Dispute an Inquiry on Your Credit Report With TransUnion

FT Contributor
A computer's screen displays a credit report dispute form.

There are times when you may discover an inaccuracy on your credit report. Mistakes happen — but they could affect your credit score. Fortunately, the process for disputing an error with the credit bureaus is simple. And best of all, a successful dispute is one of the fastest ways to repair your credit.

There are three major credit bureaus — Experian, Equifax and TransUnion. The incorrect item may show on all three of your credit reports or only one. You’re about to learn how to file a dispute with TransUnion.

Table of Contents

What Information Can I Dispute on My Credit Reports?

You may dispute certain items on your credit report. It’s important to know what they are so you can read your credit report in search of the most significant mistakes. You may dispute any of the following items:

Personal Information 

Review your names listed and home address history for errors. One of the signs of identity theft may be a home address on your credit report you don’t recognize or an incorrectly spelled name.

Account Information 

Examine the credit accounts listed on your credit report for accuracy. Make sure you recognize the credit cards and loans listed and whether they’re active or closed. Look for errors, such as the wrong credit limit or an incorrectly reported late payment — they have a negative effect on your credit score. Disputing them and getting the incorrect items removed off your credit history could help improve your credit.

Inquiries You Don’t Recognize 

Inquiries for credit cards or loans you didn’t apply for may be related to identity theft. You’ll want to dispute the inquiry and consider creating a security freeze to prevent unauthorized credit checks.

Mixed Credit Files 

There are occasions when someone else’s credit account is accidentally reported as yours. Disputing them will cause the lender to investigate and correct the error.

Duplicate Reporting of an Item 

If a credit account has been reported twice on your report, it could affect your credit score by showing you have more debt than you actually do.

Items Too Old to Remain on Your Credit History 

Items such as delinquencies and bankruptcies have a big effect on your credit score. Fortunately, even the worst credit incidents fall off your credit report after seven years. If you find any older than the limit, dispute them for deletion.

Filing a TransUnion Dispute Online

Disputing items on your credit report is easiest when you file the dispute online. You’ll save time by not having to mail items and can track and follow your dispute’s progress online. To file a TransUnion dispute online:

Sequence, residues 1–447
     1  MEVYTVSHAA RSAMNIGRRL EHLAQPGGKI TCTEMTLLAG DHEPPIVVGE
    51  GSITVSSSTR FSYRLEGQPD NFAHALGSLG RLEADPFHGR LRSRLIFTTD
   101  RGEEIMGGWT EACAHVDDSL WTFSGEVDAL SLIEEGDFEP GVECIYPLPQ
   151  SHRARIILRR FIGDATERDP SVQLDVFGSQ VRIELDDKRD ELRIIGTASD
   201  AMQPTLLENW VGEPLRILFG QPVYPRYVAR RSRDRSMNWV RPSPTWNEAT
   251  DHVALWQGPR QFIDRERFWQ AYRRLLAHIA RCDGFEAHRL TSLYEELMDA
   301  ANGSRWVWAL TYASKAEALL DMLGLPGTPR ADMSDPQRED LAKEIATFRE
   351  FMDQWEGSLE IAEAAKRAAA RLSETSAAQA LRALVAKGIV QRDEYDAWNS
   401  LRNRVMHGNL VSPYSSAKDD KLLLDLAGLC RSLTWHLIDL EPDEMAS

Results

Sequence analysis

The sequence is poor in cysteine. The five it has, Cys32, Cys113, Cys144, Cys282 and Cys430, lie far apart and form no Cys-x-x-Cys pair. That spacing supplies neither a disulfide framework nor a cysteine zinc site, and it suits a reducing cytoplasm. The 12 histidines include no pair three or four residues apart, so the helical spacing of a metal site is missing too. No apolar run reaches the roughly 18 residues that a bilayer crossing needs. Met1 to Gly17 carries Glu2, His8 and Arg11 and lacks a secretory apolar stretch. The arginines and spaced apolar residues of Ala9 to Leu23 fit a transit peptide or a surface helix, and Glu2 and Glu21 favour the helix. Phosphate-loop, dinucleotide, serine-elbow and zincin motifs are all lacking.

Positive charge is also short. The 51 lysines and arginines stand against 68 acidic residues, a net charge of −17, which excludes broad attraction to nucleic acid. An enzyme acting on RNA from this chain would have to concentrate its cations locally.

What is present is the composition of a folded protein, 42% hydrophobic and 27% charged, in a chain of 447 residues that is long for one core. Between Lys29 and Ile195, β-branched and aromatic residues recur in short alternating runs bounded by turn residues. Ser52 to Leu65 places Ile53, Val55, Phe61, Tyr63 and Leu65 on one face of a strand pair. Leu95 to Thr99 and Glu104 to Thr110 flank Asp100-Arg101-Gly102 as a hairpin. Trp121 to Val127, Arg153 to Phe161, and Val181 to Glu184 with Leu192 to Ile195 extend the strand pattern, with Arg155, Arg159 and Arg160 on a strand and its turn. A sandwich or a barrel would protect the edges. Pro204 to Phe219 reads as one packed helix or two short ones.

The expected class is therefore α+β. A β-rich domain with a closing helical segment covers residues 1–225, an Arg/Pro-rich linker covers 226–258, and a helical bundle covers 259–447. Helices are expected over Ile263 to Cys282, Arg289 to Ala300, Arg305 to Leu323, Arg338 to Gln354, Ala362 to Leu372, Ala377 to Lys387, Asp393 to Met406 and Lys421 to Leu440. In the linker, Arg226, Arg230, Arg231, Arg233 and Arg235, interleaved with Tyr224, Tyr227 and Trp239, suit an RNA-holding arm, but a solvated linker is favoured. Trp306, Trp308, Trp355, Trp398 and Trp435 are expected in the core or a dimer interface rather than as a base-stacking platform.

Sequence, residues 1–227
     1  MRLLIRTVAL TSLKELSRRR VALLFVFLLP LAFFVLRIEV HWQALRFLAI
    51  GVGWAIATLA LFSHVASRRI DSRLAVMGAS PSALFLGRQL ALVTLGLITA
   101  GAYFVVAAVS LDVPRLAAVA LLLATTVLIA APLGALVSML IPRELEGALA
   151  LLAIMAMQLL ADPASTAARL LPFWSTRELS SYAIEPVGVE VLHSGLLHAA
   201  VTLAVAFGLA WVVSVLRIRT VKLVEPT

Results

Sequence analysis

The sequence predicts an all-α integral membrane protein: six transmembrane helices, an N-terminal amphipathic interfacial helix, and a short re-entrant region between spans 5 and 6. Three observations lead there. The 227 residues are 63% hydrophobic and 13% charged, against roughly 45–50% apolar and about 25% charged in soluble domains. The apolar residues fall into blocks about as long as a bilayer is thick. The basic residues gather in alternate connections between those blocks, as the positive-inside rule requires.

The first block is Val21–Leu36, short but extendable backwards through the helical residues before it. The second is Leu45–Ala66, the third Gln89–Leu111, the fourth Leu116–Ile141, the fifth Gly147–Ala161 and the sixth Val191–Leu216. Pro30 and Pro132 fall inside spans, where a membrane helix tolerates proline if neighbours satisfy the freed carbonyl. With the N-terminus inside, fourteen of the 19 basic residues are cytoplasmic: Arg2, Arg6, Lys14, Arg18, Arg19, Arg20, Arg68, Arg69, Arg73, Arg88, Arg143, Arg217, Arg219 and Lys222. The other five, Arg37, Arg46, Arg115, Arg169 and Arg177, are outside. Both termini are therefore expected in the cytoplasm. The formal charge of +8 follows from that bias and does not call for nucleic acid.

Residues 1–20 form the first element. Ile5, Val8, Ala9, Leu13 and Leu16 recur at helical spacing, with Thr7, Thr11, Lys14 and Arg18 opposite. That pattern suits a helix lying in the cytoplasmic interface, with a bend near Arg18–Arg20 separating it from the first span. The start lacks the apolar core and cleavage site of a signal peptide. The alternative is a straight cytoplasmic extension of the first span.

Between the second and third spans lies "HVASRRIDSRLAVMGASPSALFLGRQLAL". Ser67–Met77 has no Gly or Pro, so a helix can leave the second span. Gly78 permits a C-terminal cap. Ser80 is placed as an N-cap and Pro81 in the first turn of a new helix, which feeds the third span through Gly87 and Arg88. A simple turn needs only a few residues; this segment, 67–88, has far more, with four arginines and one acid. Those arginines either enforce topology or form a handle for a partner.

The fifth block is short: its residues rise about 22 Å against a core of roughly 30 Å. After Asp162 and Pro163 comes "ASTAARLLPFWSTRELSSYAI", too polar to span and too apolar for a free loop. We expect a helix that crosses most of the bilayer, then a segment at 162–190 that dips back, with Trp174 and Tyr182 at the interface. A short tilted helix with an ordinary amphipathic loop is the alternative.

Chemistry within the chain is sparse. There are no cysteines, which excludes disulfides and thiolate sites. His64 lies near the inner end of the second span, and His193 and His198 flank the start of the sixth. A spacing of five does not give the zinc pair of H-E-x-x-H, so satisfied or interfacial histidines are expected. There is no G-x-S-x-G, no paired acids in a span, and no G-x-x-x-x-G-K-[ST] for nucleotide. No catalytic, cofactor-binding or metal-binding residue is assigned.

• TransUnion;
  • Click on “New Investigation”;
  • Select the item(s) you’d like to dispute;
  • Upload documents supporting your claim;
  • Look out for email updates from TransUnion;
  • Wait for a decision.

Filing a TransUnion Dispute by Mail

If the dispute isn’t time-sensitive, you could file it by mail. You’ll need to write a letter explaining why you’re disputing the item and mail it to:

TransUnion Consumer Solutions
P.O. Box 2000
Chester, PA 19016-2000.

Don’t forget to include the following information in the letter:

  • Your name;
  • Current address;
  • Date of birth;
  • Social Security number;
  • Your TransUnion file number if you’ve created one;
  • Account number found on the credit report of the item you’re disputing;
  • Name of the company of the item you’re disputing;
  • Reason you’re disputing information;
  • Requested correction.

Supporting Materials Needed to File a Dispute

Whether you’re filing online or by mail, you’ll need to provide info to verify your identity and support your claim. Some items which could be helpful include:

  • A copy of a credit card statement or utility bill confirming your home address;
  • A copy of your government-issued photo ID such as driver’s license, military ID, or passport;
  • Proof supporting why you believe the item is an error, such as a payment confirmation showing your credit card bill was paid on time and not late, canceled checks, a police report showing your identity was stolen, or a letter confirming the account was in forbearance or deferment.

Placing a Security Freeze on Your TransUnion Credit Report

If there are credit inquiries on your credit report, you could stop identity theft from getting worse by preventing individuals and companies from accessing your credit report. You’ll need to contact each of the three credit bureaus to place a security freeze on your credit file.

You could create a TransUnion or by calling 1-888-909-8872. You’ll need to provide some personal information to verify your identity:

  • Full name;
  • Home addresses you’ve lived at in the past two years;
  • Date of birth;
  • Social Security number.

You’ll receive a PIN number from TransUnion. Keep it in a safe place — you’ll need the PIN to freeze and unfreeze your account before you apply for credit.

What to Expect After Filing a TransUnion Dispute

TransUnion typically completes its dispute investigation within 30 days. You’ll receive an email or letter with the bureau’s decision. In the case of a dispute about a credit inquiry or account, TransUnion will reach out to the company that reported the item in question to your credit file. If the company or lender can verify the item as yours, it will remain on your credit report. If they’re unable to provide TransUnion with the proof the item was reported correctly, it will be removed or updated.

Be sure to get your TransUnion through Transunion to see if there are any unknown activity on your credit history that may require submitting a dispute.

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